Anyway- all our bands all sucked, but when RCO put out their first demo it blew all our minds! This was legitimately good stuff and people in Calgary really started to get into them. That was so inspiring for all of us- people actually cared what our friends were doing! Immediately we all got serious about getting better, playing harder, and recording our music and that eventually lead us to getting our own demos out there. Man- that was a freaking exciting time of my life!! Road Crew Orange went on to record a second demo, which was even better than the first, but then broke up when the early 90’s PC wave hit Calgary. Great band!

Strain- Good lord! Strain were AWESOME. Imagine taking all the power of a tank, putting it in musical form, and then having a gorilla sing. EPIC. They had the 90’s heavy hardcore sound and put out a bunch of EPs on the German label Heart First and then a full length called, “Here and Now” on New Age Records and pretty much have a flawless discography. In fact, they never wimped out- they never did weird noise stuff, they never got melodic, they just always provided the ultimate crushing GROOVE.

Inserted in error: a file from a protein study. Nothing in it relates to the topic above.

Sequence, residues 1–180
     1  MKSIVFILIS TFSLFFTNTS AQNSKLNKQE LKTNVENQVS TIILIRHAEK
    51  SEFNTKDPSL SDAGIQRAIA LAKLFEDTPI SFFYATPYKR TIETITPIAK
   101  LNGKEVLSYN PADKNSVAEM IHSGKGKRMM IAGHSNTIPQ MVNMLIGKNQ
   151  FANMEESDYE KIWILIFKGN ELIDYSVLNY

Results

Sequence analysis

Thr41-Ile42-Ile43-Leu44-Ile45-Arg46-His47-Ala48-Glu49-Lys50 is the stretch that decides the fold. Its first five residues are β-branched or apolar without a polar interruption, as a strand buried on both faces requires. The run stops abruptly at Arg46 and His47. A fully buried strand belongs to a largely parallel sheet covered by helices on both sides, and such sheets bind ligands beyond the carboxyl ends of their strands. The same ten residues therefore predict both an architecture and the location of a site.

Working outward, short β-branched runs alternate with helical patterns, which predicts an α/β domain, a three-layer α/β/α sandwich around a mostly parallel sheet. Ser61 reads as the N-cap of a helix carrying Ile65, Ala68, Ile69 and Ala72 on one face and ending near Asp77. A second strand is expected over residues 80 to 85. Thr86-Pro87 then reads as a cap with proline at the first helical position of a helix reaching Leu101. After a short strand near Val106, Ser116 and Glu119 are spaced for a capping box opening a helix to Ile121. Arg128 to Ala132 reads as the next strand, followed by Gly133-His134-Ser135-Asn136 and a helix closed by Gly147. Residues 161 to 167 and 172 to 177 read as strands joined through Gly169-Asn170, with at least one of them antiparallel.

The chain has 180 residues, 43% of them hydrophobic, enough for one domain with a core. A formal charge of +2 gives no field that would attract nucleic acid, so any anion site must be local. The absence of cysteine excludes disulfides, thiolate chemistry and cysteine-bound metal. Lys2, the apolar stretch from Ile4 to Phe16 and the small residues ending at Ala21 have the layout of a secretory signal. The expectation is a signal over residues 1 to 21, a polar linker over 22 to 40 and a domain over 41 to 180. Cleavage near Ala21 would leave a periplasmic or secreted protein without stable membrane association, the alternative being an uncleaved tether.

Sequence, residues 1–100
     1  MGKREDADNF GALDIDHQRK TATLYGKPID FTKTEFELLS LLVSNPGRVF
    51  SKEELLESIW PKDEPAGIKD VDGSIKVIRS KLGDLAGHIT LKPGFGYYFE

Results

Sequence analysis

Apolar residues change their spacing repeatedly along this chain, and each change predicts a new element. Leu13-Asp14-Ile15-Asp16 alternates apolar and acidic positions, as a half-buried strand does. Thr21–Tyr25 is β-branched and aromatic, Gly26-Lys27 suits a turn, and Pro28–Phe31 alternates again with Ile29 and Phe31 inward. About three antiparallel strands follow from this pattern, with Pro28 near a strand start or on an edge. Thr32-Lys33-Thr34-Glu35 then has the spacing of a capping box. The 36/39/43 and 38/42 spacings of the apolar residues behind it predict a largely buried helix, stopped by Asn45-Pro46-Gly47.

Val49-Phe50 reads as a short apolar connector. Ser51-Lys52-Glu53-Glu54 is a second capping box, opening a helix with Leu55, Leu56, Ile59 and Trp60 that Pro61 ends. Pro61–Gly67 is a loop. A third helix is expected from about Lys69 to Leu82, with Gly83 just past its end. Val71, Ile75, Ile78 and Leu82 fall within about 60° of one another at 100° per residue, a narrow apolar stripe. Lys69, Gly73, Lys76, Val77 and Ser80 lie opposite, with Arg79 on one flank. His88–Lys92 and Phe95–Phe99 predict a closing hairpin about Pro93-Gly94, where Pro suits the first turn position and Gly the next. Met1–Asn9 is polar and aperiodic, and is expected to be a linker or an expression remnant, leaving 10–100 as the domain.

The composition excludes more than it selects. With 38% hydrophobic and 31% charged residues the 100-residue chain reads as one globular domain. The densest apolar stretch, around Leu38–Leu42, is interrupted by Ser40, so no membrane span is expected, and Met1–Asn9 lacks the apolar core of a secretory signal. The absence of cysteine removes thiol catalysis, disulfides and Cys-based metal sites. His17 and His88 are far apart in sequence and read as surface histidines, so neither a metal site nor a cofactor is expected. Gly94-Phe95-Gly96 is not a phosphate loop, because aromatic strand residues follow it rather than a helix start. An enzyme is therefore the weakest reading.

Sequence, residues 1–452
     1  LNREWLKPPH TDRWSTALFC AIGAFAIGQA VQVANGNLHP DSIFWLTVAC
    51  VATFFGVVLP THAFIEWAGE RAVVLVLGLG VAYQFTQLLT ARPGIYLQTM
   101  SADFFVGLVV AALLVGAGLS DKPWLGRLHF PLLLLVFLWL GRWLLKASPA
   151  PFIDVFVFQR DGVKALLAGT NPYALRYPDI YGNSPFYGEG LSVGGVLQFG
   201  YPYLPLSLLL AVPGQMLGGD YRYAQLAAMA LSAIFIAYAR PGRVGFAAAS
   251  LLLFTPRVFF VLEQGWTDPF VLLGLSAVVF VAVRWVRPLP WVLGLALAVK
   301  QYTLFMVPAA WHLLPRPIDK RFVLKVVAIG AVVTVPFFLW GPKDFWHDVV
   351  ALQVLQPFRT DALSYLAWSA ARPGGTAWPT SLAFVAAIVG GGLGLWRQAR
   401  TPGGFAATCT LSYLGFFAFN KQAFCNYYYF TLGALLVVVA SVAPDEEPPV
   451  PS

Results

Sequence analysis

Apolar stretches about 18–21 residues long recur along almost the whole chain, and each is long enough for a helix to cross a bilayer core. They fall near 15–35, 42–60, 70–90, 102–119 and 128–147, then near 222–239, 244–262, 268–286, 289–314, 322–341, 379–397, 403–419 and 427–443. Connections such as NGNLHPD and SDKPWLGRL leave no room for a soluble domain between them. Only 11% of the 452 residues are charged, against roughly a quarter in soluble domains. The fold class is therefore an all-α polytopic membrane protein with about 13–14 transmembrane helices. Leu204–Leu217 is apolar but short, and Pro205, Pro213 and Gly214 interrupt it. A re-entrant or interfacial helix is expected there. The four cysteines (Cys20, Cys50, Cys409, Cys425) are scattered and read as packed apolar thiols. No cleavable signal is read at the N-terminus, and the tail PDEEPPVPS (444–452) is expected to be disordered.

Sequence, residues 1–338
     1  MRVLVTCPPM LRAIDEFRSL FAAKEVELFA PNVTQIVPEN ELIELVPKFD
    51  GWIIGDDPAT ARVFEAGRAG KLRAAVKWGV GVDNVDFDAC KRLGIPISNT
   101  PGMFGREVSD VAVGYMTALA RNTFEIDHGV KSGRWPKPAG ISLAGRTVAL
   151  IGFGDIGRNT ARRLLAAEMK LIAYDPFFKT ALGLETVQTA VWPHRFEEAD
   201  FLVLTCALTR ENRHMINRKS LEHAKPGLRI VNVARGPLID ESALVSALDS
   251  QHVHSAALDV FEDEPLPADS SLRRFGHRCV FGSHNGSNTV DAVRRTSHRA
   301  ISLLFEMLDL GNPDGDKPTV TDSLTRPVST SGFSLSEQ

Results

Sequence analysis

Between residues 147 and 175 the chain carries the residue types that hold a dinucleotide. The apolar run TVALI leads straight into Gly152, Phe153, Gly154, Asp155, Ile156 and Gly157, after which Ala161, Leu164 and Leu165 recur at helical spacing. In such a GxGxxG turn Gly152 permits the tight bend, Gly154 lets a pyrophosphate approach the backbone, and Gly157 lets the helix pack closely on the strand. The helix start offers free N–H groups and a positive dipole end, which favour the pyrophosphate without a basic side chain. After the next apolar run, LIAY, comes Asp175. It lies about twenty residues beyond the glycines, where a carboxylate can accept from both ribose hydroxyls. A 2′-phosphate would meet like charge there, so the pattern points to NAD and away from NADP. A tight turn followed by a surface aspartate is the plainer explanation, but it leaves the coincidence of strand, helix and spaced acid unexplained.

Strain were important to me for a couple of reasons: They lived at home with their families, drove mustangs, and wore sweat pants on stage- yet still wrote some of the best HC at the time. It was just awesome to see dudes who weren’t caught up in trying to have an “image”, they just did what they pleased and people both loved and hated them for it. Also, they were the first band that I was friends with who ever went to Europe. I remember the bass player coming back from their first trip there and showing me video footage from the shows…. HOLY CRAP IT WAS AWESOME!!!! They just really inspired me to be who I wanted to be, and to set goals and make them happen.

Trial- Beyond being just an amazing band Trial also took me out on my first real tour. I roadied for them on the “Are These Our Lives” West Coast tour and the things that I learned on that trip I applied to Champion. Also, Timm Mac from Trial/Wait In Vain/Panic records is the reason that I joined Champion.